Clearly State Your Questions or Hypotheses
Tie Into The Bigger Picture
Every project, whether field-based or lab-based, should be underpinned by a compelling research question and/or hypothesis. A successful proposal is explicit in stating the objectives of your proposed research, specific questions you will answer, and/or hypotheses you will test. Below are some examples of strong vs. weaker questions and hypotheses.
Strong Hypothesis: The dinosaur assemblage from the ABC Formation provides evidence that North America and South America were connected during the Campanian.
Weak Hypothesis: The dinosaur assemblage from the ABC Formation will fill a gap in the Campanian fossil record.
Strong Question: How can the dinosaur assemblage of the ABC Formation inform us about the timing and nature of the break-up of Gondwana?
Weak Question: What dinosaurs are preserved in the ABC Formation?
All scientific research builds on, and contributes to, general knowledge. Your proposal may focus on acquiring detailed data from a specific taxon, region, or moment in geologic time, yet it still serves to inform "big-picture" questions. Highly-rated funding proposals explain the broader impact of the work, note where the gaps in our knowledge currently are, and argue how the proposed research brings us closer to addressing fundamental problems. It may help to think about how you would explain your project significance to a non-vertebrate paleontologist or geologist that is not a specialist in your taxon/region/time.
Lay Out Your Plan
Successful grant proposals inspire confidence in the applicant's ability to complete the work as proposed. Demonstrating this requires a detailed research plan and timeline, appropriate methods for data acquisition and evaluation, access to necessary resources and facilities, and a well-explained and thoroughly considered budget.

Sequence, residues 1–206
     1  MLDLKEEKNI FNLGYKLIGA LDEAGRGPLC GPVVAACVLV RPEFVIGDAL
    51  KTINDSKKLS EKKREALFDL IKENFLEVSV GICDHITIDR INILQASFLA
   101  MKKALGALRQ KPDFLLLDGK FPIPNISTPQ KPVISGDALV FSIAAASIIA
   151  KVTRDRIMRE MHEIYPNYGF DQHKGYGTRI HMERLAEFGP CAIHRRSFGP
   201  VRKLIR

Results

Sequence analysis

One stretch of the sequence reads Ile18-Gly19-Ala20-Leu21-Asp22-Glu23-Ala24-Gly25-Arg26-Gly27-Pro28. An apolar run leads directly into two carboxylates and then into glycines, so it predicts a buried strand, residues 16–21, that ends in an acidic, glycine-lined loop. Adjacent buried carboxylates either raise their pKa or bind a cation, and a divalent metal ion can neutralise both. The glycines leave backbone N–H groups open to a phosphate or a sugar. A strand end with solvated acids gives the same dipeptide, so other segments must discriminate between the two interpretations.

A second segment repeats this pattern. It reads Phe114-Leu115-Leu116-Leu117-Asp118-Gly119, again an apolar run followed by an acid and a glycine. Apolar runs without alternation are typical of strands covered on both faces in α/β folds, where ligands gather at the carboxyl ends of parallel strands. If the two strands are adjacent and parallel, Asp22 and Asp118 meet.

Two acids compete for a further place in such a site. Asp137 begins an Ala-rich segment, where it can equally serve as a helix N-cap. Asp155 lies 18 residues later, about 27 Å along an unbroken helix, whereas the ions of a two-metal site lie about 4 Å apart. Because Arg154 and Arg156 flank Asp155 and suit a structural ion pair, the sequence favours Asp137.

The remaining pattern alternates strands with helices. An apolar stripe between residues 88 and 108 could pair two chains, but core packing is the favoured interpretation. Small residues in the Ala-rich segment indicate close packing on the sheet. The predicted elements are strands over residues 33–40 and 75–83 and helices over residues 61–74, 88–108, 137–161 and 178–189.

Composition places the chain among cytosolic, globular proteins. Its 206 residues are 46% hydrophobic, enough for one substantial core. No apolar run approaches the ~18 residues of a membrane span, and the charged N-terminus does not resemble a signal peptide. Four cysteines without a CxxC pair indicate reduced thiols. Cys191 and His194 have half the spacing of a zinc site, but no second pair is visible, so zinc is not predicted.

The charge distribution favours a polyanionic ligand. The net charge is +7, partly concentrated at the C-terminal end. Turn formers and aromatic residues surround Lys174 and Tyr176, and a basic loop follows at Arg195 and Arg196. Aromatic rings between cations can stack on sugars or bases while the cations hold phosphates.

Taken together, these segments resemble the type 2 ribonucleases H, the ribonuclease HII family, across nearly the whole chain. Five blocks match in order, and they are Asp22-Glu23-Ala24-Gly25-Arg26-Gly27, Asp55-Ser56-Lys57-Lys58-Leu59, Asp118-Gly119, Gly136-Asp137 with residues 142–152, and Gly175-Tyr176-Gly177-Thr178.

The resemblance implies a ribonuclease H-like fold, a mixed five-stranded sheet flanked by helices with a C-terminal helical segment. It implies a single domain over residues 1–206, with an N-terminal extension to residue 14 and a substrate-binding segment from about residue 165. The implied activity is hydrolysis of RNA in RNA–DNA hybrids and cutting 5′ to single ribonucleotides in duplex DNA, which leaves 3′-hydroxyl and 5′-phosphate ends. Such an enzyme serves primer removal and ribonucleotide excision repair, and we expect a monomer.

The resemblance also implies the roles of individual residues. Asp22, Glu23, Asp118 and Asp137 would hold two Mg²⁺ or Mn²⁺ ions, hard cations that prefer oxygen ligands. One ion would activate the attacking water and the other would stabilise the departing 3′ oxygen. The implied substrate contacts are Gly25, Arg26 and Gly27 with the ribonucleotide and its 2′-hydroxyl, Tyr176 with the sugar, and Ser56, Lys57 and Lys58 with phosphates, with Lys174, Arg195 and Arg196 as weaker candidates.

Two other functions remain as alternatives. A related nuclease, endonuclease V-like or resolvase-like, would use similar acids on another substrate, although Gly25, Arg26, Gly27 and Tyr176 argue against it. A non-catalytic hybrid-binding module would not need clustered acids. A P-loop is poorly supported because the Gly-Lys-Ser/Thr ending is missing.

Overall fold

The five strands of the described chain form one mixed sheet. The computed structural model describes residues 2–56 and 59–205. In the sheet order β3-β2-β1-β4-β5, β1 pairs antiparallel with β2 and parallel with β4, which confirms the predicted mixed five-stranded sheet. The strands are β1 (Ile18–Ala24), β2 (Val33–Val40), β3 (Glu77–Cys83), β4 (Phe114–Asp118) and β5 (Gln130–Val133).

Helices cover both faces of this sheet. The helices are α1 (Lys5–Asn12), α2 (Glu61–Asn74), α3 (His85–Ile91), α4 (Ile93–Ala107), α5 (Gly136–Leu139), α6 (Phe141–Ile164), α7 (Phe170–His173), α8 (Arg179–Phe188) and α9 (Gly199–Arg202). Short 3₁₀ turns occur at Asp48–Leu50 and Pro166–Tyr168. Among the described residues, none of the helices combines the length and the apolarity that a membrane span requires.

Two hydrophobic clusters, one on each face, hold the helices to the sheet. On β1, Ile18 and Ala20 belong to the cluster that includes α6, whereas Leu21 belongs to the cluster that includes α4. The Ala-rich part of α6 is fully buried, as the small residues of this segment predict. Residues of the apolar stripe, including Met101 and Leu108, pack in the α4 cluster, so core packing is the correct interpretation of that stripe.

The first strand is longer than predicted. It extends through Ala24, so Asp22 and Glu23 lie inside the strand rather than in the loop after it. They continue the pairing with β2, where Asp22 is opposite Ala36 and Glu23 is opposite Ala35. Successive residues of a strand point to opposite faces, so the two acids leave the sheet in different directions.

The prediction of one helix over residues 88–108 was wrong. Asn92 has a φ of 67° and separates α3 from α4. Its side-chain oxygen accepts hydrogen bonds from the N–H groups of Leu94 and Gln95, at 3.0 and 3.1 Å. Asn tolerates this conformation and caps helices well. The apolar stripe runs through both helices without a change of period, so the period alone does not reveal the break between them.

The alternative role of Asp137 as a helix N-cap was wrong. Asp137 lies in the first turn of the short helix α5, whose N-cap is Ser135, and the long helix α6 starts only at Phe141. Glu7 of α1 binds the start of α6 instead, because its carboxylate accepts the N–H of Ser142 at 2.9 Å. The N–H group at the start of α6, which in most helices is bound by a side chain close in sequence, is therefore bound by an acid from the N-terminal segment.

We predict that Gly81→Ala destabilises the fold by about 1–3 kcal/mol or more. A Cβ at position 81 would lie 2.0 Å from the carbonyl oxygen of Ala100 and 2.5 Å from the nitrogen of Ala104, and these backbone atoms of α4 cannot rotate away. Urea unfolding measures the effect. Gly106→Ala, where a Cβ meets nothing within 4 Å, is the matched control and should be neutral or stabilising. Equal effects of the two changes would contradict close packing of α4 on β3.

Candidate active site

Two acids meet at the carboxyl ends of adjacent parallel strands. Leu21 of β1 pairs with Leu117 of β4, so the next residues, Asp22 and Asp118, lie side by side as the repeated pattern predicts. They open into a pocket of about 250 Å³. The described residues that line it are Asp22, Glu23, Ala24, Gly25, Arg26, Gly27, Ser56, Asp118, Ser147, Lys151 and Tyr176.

The collection and/or study of fossil materials typically requires permissions. These may be permits for the collection and accession of fossil materials from private or government lands, permissions to visit and study museum collections, or advance approval to undertake consumptive sampling. The Jurassic Foundation is diligent in ensuring the conservation and appropriate usage of fossil collections. Proposals that fail to provide documentation of permissions for the proposed research will not be funded.
Tell Us How You Will Give Back
Jurassic Foundation grantees conduct work all over the globe and, due to high public interest in dinosaurian research, have enhanced opportunities for public engagement. Highly-rated proposals provide information on how fieldwork or research will contribute to the health, sustainability, or education of our local or global communities. Such opportunities include targeted efforts to positively impact communities living in areas where fieldwork is conducted, as well as generation of open-access digital resources, public presentations, popular publications, and a variety of science communication strategies (e.g., blogs, social media, etc).
Make Time For Feedback
Start early; strong proposals take time to write and refine, and benefit from outside review prior to submission. Before finalizing your proposal, have several people, including those familiar and unfamiliar with your research, read it and provide suggestions for improvement.